3) Over the past few decades, much of the new found/vernacular work I’m seeing online has felt a bit one-dimmensional and almost “too” accessible, with smart curation being replaced by thinly veiled irony—essentially:  ”Look at this—this is funny”  You’re clearly taking a more layered approach to appropriation and vernacular imagery —what’s motivating you? 

To put it simply, I’ve always been drawn to vernacular photographs.  They embrace and promote the mistake, the happy accident, the idiosyncratic gesture, the ritual, the personal turned cultural.  They are wonderfully strange phantasms that speak a language that is at once familiar to us and almost always clandestine.  For me one of the most powerful things about them is that they operate as a kind of mirror, or Rorschach test perhaps.  We see what we want to see in them and project or own desires, anxieties and histories onto them. The overly saccharine and nostalgic use of vernacular photography in advertising, or as a trendy commodity purchased at a place like Urban Outfitters, simply cheapens the experience by fetishizing them as objects. Ultimately, I have come to connect with vernacular photographs not as images that cumulatively give credence to some “truth” about who we are or what we’ve done as a culture, but rather as fictions enveloped by omission and subjectivity.  And when seen in this way, they’re far more interesting.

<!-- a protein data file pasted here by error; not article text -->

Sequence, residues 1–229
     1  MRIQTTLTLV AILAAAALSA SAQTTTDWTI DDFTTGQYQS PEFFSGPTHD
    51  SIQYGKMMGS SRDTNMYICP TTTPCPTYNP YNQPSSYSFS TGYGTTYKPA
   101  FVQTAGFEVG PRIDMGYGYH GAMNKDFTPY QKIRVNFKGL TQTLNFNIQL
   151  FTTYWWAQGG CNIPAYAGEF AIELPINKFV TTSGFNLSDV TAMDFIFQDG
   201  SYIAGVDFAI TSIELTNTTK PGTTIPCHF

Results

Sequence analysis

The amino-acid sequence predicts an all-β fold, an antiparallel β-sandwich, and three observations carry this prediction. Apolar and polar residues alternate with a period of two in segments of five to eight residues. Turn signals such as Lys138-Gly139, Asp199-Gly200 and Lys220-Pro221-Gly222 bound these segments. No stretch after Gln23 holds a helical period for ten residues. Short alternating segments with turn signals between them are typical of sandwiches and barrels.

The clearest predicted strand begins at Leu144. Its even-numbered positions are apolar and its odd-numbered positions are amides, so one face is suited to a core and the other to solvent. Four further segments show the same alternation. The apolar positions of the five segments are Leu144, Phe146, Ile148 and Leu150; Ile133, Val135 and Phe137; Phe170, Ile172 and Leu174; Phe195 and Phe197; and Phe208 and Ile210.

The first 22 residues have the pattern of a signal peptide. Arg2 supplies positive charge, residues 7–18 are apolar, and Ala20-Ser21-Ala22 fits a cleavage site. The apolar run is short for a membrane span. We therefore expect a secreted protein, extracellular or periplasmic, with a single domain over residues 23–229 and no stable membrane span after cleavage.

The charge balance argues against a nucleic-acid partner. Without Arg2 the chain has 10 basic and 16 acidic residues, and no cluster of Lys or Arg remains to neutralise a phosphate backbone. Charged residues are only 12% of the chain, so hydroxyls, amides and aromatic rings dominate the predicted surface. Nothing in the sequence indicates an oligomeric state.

4) You mentioned that your source material comes from a range of places—Ebay, Thrift stores, etc.  Is where you find them important to the project?